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    Correction of corrections

    Quote Originally Posted by Friendy
    Quote Originally Posted by pranki
    It's better don't translate CPA into Russian
    A little correction, if I may: "It's better not to translate CPA into Russian" or "You better don't translate CPA into Russian" (I think the former suits more here though).
    "You better don't translate CPA into Russian" is ungrammatical.
    "You'd better not translate CPA into Russian" sounds too much like a threat.
    Maybe the phrasing you're thinking of is "You'd be best not to translate CPA into Russian".
    "Музыка, всюду музыка.
    Линия перегружена.
    Пространство между нами сжимается.
    Все, что можно уже нарушено."
    -- "Пространство между нами" by Ядерный сок

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    Thank you all for the help.

    I think you are all right -- I wont translate CPA, I think she will get the idea anyway.

    Now if only I can write the rest of the letter in Russian

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    Quote Originally Posted by Biancca
    Thank you all for the help.

    I think you are all right -- I wont translate CPA, I think she will get the idea anyway.

    Now if only I can write the rest of the letter in Russian
    If you are talking about physically writing it, I would sugesst learning cursive cyrillic letters as soon as possible. It really sucks printing and looks bad, and is slow.

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    Oh! I think that the cursive is untidy looking and the printing is much cooler.
    Let me be a free man, free to travel, free to stop, free to work, free to trade where I choose, free to choose my own teachers, free to follow the religion of my fathers, free to talk, think and act for myself. - Chief Joseph, Nez Perce

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    I'd say "you'd better not"
    Листьев не обожгло, Веток не обломало
    День промыт как стекло, только этого мало

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    I believe "certified" means "дипломировнный". Think of it.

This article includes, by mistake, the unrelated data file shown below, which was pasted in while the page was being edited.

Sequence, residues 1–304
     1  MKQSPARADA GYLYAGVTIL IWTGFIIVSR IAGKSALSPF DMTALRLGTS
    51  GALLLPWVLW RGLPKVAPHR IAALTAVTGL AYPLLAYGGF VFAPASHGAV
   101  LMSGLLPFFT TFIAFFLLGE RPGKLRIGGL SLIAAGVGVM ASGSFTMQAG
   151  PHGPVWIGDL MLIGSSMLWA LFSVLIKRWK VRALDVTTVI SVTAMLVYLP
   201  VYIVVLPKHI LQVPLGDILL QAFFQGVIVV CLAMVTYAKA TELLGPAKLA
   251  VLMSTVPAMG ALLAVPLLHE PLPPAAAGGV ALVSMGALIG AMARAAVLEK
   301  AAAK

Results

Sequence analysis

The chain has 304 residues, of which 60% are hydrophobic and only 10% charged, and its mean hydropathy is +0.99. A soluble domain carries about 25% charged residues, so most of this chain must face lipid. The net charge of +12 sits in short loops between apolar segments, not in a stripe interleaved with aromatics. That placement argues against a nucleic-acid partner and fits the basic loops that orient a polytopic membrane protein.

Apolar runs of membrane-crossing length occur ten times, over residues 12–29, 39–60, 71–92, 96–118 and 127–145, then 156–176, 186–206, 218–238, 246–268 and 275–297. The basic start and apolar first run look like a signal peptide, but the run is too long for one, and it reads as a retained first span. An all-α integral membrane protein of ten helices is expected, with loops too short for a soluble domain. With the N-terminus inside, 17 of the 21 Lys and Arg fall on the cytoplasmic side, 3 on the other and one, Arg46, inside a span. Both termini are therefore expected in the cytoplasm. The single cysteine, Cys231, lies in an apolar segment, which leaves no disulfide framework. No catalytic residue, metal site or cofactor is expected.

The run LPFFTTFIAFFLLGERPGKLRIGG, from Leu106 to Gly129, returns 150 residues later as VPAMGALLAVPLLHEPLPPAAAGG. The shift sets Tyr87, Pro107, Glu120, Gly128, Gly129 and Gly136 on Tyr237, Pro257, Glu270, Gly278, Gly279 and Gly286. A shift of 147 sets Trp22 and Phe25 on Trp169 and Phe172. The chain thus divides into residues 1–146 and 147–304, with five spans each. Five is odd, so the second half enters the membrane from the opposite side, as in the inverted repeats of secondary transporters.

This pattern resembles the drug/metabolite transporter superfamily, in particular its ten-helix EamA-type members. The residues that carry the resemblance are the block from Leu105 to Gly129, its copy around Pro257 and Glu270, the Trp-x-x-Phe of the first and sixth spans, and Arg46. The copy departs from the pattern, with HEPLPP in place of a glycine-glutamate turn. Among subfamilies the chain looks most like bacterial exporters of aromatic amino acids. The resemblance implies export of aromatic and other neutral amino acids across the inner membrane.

«И всё, что сейчас происходит внутре — тоже является частью вселенной».

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    Re: Correction of corrections

    Quote Originally Posted by Ядерное лицо
    "You better don't translate CPA into Russian" is ungrammatical.
    But nevertheless I get the impression that it is used a lot by native speakers instead of "You'd better..." Is it true? Does anybody here do it?
    Quote Originally Posted by Ядерное лицо
    "You'd better not translate CPA into Russian" sounds too much like a threat.
    Yes, that's why I said that it suits here les.
    "Happy new year, happy new year
    May we all have a vision now and then
    Of a world where every neighbour is a friend"

  12. #12
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    I would have said:

    "it would be better if you didn't translate..."

    or

    "I would't translate..."

    I would never say "you better don't" though, that sounds wrong to me.

    Anyway I am going to type the letter. I can write in Russian cursive too but my writing is really horrendous so I think I should stick with typing.

    I can't write a decent ж.

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    If you are from certain less accessible parts of America:

    You bettern't be translatin'...

    But please don't repeat this unless you are looking for a laugh.

    Besides, I think plain-old stylistically neutral would be: